Lack of cash scuppers HK Classic
World number one Caroline Wozniacki and other top women's players will not be on show in the city in January after lack of government funds and failure to find a commercial sponsor forced the organisers of the Hong Kong Tennis Classic to postpone the tournament.
'Over the last eight months, we have undertaken a strenuous title sponsorship search, but to date we have been unable to secure a sponsor. This has forced us to postpone the event in January,' said Ian Wade, president of the Hong Kong Tennis Patrons' Association (TPA). 'As we are already in October, we know players will now have committed to other tournaments and, sadly, there is no alternative but to postpone the event. In today's financial environment, finding a sponsor has been difficult, and this has proven to be the case.'
The Hong Kong Classic had received money from the government's Mega Events Fund for the past two tournaments. It received HK$9 million last year.
For this year's event in January, that sum was reduced to HK$5 million, forcing the TPA to dip into its own reserves as there was no title sponsor.
'We need around HK$10 million to stage the tournament every year with most of this going on paying appearance fees for the players. This year we went ahead after we dipped into our reserves. But we decided we could not continue to do that for 2012,' said Terry Catton, co-director of the tournament.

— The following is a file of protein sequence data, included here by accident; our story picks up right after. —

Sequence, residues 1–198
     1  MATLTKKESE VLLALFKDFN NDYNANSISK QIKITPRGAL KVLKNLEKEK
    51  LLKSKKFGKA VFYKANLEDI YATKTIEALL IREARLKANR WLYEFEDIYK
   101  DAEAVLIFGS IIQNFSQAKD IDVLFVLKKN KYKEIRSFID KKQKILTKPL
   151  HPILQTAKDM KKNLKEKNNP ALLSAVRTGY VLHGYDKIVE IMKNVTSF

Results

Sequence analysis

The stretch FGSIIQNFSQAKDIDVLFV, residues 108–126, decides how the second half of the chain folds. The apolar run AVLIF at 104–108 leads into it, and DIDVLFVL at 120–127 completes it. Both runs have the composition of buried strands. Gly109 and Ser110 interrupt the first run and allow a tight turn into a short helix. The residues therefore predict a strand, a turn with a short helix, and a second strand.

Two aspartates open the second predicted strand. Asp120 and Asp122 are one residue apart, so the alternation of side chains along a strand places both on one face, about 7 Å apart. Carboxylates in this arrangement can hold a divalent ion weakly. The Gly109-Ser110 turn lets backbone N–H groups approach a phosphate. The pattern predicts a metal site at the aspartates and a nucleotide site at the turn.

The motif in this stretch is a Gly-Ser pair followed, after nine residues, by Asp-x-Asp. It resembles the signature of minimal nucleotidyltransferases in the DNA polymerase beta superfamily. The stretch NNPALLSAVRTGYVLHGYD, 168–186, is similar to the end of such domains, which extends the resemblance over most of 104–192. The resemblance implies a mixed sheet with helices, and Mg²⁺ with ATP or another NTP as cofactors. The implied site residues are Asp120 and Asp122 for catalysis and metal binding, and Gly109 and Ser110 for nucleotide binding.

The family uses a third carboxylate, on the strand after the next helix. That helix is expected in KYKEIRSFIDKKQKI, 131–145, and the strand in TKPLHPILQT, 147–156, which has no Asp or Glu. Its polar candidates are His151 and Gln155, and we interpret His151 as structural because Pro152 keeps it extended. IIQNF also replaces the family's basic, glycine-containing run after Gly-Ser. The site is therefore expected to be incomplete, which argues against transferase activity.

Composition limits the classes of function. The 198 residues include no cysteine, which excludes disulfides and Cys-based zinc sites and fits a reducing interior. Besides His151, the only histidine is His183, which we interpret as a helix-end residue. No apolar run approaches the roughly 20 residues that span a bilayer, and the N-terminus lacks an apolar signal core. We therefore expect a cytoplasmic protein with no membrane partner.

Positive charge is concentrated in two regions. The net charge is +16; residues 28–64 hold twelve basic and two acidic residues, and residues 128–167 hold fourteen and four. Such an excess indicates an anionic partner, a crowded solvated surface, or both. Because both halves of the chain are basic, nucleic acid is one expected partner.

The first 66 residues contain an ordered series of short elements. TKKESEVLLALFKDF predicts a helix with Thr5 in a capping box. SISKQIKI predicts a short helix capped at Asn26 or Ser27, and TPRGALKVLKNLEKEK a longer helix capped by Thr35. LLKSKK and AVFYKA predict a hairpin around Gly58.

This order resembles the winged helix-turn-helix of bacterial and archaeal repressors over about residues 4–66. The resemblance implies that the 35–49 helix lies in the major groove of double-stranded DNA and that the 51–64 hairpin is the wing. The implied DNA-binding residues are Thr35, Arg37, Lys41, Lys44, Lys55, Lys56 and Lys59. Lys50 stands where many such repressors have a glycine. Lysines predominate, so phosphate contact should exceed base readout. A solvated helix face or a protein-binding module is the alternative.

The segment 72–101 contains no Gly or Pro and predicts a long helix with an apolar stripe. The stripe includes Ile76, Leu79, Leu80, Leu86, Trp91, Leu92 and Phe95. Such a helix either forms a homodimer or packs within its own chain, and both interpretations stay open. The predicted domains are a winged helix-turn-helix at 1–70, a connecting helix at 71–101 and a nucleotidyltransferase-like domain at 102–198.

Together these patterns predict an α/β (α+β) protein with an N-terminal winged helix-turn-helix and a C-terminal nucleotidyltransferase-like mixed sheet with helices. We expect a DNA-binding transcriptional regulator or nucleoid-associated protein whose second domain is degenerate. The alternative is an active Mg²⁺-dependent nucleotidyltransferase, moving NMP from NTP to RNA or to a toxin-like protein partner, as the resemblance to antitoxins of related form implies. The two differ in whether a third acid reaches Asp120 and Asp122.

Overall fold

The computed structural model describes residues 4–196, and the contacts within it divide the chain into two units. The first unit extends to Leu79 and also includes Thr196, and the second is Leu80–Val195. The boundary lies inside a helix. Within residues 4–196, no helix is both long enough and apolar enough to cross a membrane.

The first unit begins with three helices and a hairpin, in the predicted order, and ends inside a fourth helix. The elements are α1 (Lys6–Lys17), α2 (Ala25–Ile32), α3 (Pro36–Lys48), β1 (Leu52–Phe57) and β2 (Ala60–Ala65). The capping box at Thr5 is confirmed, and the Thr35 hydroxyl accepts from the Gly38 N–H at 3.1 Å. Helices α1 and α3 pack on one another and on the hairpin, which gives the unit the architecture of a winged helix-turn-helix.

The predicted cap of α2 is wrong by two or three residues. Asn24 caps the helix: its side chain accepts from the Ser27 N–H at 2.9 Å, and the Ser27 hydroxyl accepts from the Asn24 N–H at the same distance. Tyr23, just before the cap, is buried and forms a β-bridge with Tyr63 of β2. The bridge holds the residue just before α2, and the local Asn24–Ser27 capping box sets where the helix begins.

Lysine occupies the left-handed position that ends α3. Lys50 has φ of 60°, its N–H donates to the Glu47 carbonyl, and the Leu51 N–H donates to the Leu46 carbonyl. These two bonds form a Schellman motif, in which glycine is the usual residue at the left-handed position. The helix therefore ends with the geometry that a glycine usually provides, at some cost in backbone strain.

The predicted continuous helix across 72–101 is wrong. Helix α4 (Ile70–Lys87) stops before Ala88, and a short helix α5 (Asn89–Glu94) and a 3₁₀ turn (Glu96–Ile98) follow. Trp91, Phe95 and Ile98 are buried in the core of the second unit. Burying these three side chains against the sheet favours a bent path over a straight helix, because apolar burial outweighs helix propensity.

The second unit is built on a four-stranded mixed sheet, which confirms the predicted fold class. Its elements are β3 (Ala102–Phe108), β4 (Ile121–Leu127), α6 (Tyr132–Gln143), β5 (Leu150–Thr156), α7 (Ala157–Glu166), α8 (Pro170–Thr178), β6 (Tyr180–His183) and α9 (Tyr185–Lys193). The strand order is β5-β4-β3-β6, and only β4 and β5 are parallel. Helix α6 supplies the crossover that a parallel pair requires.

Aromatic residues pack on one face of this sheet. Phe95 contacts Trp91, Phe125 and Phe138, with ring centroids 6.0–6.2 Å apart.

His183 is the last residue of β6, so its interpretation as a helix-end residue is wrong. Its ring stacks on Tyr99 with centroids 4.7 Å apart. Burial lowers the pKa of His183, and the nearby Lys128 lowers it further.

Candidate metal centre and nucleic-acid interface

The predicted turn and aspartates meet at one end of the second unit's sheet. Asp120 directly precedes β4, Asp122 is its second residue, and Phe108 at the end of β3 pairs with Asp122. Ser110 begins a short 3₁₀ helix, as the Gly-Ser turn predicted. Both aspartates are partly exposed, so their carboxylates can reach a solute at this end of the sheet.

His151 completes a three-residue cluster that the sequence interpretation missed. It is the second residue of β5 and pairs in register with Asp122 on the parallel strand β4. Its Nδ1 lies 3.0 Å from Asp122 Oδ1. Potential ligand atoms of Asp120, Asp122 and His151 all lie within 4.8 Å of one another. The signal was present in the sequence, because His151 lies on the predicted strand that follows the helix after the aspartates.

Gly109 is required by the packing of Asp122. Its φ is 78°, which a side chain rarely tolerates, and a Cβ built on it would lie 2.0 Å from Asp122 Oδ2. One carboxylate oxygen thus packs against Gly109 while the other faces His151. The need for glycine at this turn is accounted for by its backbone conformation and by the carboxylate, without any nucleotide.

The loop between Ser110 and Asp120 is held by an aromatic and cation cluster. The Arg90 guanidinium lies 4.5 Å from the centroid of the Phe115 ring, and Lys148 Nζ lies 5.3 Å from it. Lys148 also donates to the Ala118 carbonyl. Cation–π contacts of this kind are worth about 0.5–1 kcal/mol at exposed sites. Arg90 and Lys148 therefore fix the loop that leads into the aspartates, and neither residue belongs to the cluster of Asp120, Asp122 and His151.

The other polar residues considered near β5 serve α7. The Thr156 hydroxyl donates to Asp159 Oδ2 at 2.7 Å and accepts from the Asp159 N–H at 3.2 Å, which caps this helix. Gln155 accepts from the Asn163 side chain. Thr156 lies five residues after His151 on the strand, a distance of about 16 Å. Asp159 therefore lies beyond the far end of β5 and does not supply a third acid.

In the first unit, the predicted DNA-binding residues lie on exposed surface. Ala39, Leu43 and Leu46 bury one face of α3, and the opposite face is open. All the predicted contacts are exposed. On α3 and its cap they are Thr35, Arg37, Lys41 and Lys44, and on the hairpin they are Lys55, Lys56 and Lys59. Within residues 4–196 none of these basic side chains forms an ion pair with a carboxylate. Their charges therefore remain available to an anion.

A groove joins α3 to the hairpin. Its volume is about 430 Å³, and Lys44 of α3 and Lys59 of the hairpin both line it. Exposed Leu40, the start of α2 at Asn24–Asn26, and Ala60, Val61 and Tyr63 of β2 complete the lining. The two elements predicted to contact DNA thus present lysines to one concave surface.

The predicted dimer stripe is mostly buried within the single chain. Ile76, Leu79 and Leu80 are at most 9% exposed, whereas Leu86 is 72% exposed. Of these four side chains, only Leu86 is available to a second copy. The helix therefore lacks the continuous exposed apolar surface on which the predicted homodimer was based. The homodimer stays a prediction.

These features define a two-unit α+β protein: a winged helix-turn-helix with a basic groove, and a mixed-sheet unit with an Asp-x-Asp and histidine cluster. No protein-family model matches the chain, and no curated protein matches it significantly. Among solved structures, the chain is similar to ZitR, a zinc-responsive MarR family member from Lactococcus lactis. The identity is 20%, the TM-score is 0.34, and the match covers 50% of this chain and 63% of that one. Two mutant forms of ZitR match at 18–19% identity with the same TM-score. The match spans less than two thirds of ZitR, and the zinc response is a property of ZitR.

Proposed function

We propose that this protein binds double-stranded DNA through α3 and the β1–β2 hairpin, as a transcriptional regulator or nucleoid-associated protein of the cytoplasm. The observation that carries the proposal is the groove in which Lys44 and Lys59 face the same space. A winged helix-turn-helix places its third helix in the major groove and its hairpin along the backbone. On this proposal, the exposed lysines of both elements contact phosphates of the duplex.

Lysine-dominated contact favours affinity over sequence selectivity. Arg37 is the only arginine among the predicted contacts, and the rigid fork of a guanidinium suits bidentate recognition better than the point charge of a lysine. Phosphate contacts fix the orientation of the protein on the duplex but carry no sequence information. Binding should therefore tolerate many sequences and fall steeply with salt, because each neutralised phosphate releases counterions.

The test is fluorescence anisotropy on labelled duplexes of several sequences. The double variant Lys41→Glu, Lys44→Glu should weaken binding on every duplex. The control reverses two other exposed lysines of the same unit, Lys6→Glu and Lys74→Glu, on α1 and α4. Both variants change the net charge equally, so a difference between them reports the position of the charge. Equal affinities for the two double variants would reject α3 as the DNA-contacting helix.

Attempts to find a title sponsor are continuing as organisers now look at holding the event at Victoria Park in September or October next year.
'While it is very sad that we cannot hold it in January, we are now exploring the possibility of having it later in the year. Both the ATP [men's tour] and WTA [women's tour] have their Asian swings around September/October and these would be the best dates to hold our event,' Catton said.
The tournament, played on a hardcourt surface, has been held in January in the past so it could be used as a warm-up for the season-opening grand slam event, the Australian Open.
'But moving to September or October will still depend on a title sponsor for, without one, there is no way we can go ahead,' Catton said.
Popular with the fans, the tournament this year featured Wozniacki, Venus Williams, Vera Zvonoreva and Li Na among other top women players, as well as a cast of former legends in the men's game, including American John McEnroe and Swede Stefan Edberg.
'We have brought to Hong Kong all the biggest stars in the sport over the last 35 years and thousands of fans have enjoyed the event. They recognise that this is the premier boutique event in Asia which offers a mix of top names and former stars,' Catton said.
'I hope this is a temporary glitch and that a sponsor will step forward. I hope we can stage it later next year.'
The postponement of the tournament would also result in fewer funds flowing into the development of junior players, said organisers of the Classic. The TPA, which used to organise the Marlboro Classic in the late 1980s and early '90s, has during the past 35 years given HK$15 million to the game at the grass-roots level.
'We know of no other organisation that has contributed so much to a sport from a single event - apart perhaps from the Rugby Sevens. We have succeeded magnificently over the years and a title sponsor will be aligning themselves not just to a high-profile event, but to an event which makes a tangible difference to the sport. We hope a sponsor would find the Hong Kong Tennis Classic a worthwhile event to support,' TPA vice-presidents James Tien Pei-chun and Dick Lee said.